Everybody Had a Hard Year Part 2
This is part two of our look back at 2019. The releases below represent some of the more interesting and unique reissues and soundtracks of the year.
Not many people have multiple nicknames. Frank Sinatra had three (The Voice, The Chairman of the Board, Old Blue Eyes) and the only other person I can think of that has at least two is Steven Van Zandt (Little Steven, Miami Steve), formerly of the E-Street Band. On the multi-disc box set Rock and Roll Rebel: The Early Work (Wicked Cool Records), there are the five original solo albums he recorded between 1982 and 1999 and the Sun City EP from Artists Against Apartheid, all on vinyl, with Born Again Savage the only two-LP set. Also included is a 4-CD set of previously unreleased material.
400 Miles from L.A. (Light in the Attic), from Lee Hazelwood, is the 19th release in the label’s archive series on the late producer/writer/music biz honcho’s career. Known primarily for guiding the career of Nancy Sinatra and her legendary 60’s recordings, Hazlewood also made some eclectic solo recordings that, like the Sinatra sessions, have gained cult status. This latest reissue, best listened to on the two-LP vinyl release from then original analog tapes and pressed at RTI, includes demos Hazelwood recorded in Phoenix when he was trying to break into the record business in the mid 50’s. Hazlewood’s demos here would have been perfect songs for Elvis Presley or Johnny Cash, but one can hear touches of the kinds of songs that would come later from Sonny Bono or Jimmy Webb and if finally done as full-fledged productions would have been produced by Bono, Webb or Phil Spector. Check out the multiple versions of “Peculiar Guy” and “Long Black Train” and marvel at the epic “Trouble Is A Lonesome Town.”
Laid Back from Greg Allman (Mercury) was the first album that Greg Allman released after Eat a Peach, which was the last Allman Brothers Band album that Duane Allman was on before he died. It was also Greg’s debut solo album and it came out six months before Brothers and Sisters, the first Allman Brothers Band album released after Duane’s death. It’s easily Greg’s best solo album and, as befitting the title, it offered a more mellow, acoustic and heady sound than the raucous blues rock jams of the Allman Brothers Band. Original Allman Brothers Band members Butch Trucks and Jaimoe did appear on the album, as did new ABB member Chuck Leavell, but the album had a lush, at times jazzy feel that was beautifully produced by Allman and Johnny Sandlin. Allman’s cover of Jackson Browne’s “These Days” actually predates Browne’s own recording, which was inspired by Greg’s version, and is the highlight of the album. Other notable tracks include “Queen of Hearts,” “Multi-colored Lady” and a reworking of the Allman Brothers Band’s “Midnight Rider.”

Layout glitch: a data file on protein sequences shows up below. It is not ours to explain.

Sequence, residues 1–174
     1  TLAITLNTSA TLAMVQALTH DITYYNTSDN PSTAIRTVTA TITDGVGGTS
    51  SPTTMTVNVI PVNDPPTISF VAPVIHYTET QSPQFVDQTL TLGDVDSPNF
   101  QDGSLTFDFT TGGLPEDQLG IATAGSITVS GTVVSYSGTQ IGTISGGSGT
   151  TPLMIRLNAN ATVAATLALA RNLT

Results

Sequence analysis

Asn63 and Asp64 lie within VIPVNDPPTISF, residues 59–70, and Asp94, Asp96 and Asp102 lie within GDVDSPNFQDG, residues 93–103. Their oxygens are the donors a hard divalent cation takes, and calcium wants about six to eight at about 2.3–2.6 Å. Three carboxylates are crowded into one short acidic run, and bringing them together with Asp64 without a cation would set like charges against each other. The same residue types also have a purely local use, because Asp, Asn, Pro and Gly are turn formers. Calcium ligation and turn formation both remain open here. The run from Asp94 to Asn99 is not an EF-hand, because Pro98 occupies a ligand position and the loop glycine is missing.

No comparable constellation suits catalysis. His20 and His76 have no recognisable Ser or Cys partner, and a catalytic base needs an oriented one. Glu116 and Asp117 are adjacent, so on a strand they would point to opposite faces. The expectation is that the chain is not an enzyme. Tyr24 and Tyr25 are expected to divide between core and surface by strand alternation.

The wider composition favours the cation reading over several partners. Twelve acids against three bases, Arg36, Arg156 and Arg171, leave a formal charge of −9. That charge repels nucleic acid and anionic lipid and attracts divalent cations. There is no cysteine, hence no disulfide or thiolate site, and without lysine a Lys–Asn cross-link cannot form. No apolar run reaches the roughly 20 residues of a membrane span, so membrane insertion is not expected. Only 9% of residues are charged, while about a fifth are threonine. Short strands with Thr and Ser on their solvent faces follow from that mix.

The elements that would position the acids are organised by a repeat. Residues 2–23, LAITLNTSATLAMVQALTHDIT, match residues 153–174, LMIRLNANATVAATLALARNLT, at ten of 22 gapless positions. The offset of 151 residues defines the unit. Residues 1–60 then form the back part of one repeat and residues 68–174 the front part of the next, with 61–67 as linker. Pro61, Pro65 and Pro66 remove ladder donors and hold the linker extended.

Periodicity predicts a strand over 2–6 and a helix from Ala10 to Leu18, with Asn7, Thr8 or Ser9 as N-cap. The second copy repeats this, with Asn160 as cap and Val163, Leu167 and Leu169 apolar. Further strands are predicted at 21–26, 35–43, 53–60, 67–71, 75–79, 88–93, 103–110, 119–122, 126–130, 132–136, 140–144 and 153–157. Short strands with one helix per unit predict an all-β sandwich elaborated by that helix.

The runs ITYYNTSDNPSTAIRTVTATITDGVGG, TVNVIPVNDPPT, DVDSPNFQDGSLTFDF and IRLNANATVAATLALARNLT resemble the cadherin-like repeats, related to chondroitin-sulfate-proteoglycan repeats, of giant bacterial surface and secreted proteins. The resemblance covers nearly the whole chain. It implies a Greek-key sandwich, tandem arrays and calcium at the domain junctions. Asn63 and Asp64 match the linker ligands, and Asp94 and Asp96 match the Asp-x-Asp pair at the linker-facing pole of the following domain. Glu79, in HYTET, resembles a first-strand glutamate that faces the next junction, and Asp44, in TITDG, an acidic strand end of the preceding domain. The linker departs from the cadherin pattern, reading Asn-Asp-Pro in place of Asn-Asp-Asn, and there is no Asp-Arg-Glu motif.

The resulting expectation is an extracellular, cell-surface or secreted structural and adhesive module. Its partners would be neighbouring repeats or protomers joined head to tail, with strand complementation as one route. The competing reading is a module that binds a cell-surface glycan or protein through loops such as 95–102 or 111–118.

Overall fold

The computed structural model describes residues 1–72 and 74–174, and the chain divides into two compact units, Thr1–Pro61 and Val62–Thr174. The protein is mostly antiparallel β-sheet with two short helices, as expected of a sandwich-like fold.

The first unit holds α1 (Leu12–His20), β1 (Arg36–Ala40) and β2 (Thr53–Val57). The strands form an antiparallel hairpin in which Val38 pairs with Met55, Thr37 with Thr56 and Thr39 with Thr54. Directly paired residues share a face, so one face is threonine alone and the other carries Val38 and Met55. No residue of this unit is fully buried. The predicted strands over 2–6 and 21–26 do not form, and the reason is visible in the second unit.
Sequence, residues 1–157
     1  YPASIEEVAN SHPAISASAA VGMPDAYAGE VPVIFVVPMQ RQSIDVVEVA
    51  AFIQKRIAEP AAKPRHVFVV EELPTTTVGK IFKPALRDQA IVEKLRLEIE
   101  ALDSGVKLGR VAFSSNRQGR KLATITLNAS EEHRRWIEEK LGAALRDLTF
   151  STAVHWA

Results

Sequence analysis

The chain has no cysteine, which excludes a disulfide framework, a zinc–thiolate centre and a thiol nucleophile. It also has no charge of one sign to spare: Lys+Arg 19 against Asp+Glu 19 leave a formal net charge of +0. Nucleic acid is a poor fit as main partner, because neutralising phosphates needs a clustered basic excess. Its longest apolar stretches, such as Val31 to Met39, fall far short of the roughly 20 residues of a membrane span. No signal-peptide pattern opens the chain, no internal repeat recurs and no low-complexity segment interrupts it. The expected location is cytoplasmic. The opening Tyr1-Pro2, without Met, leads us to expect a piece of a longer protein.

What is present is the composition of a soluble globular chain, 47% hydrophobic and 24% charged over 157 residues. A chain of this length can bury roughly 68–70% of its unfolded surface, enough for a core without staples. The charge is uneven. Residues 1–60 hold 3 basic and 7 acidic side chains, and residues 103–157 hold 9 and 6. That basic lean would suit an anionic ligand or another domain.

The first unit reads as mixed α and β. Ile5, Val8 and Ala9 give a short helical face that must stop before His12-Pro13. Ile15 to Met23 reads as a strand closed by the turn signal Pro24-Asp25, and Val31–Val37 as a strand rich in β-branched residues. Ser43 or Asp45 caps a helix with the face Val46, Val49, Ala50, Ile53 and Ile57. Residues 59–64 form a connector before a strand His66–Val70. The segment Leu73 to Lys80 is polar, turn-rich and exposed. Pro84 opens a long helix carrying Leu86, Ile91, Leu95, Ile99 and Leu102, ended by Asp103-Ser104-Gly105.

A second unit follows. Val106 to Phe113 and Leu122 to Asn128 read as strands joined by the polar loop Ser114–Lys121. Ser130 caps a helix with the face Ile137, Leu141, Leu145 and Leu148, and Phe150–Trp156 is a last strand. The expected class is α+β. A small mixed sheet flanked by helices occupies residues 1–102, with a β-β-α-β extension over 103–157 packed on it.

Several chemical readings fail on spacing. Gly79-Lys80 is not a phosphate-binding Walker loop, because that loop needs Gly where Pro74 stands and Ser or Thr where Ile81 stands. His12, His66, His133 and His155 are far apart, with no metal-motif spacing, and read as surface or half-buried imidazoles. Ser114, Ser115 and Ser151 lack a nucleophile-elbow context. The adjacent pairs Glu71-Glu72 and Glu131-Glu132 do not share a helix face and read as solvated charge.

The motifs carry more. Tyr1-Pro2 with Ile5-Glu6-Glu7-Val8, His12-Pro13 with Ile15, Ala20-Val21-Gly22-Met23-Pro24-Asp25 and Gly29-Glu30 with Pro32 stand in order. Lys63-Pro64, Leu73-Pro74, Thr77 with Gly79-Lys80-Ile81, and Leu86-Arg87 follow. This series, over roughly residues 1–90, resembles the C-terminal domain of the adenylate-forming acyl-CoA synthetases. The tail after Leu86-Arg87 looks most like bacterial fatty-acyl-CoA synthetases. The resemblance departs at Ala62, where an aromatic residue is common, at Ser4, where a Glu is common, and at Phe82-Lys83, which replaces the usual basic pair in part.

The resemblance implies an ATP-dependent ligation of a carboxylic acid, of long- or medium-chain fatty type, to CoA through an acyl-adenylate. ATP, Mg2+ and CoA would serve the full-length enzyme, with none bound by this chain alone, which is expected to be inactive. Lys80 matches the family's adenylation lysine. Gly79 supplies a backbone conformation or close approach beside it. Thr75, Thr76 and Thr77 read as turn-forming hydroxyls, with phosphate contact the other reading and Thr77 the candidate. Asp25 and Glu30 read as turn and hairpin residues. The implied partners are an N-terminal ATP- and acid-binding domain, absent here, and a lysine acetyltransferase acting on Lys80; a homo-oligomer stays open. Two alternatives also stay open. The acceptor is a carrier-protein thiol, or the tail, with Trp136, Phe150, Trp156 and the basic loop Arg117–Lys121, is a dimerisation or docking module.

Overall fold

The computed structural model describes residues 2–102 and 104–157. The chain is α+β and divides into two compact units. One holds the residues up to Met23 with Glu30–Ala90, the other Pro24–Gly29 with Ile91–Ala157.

2019 was another great year for music movies and the accompanying soundtracks to them. There were also many films that weren’t music films, but which had amazing soundtracks.
One of the best music films was Echo in the Canyon (BMG) about the 60’s California music scene. The soundtrack album featured artists from the original scene (Brian Wilson, Stephen Stills, Roger McGuinn, Michelle Phillips, David Crosby, Graham Nash) and many other new artists (Fiona Apple, Norah Jones, Cat Power) contributing interpretations of songs from the Mamas and the Papas, the Beach Boys, the Byrds and the Buffalo Springfield. Jacob Dylan served as the de-facto host of the film and he also performed on many of the tracks.
Quentin Tarantino’s Once Upon a Time in Hollywood (Columbia) boasted one of the best soundtracks of the year, featuring music from 1969, the year in which the film was set. There is an orange vinyl, limited-edition, double-album version that faithfully captures on record what the film reflected on the big screen. Of special note are the period commercials and radio station promos that recall the heyday of 60’s West Coast radio.
The soundtrack for the latest Martin Scrosese film, The Irishman (Sony Masterworks), like any Scorsese film soundtrack, is excellent. While the film covers many decades, the soundtrack here focuses mostly on the 1950’s. The music covers a wide variety of styles and the late-50’s, 60’s and early-70’s period is always a rich source of music in all of Scorsese’s films. Also, like many previous soundtracks, Robbie Robertson serves as executive producer.
– Steve Matteo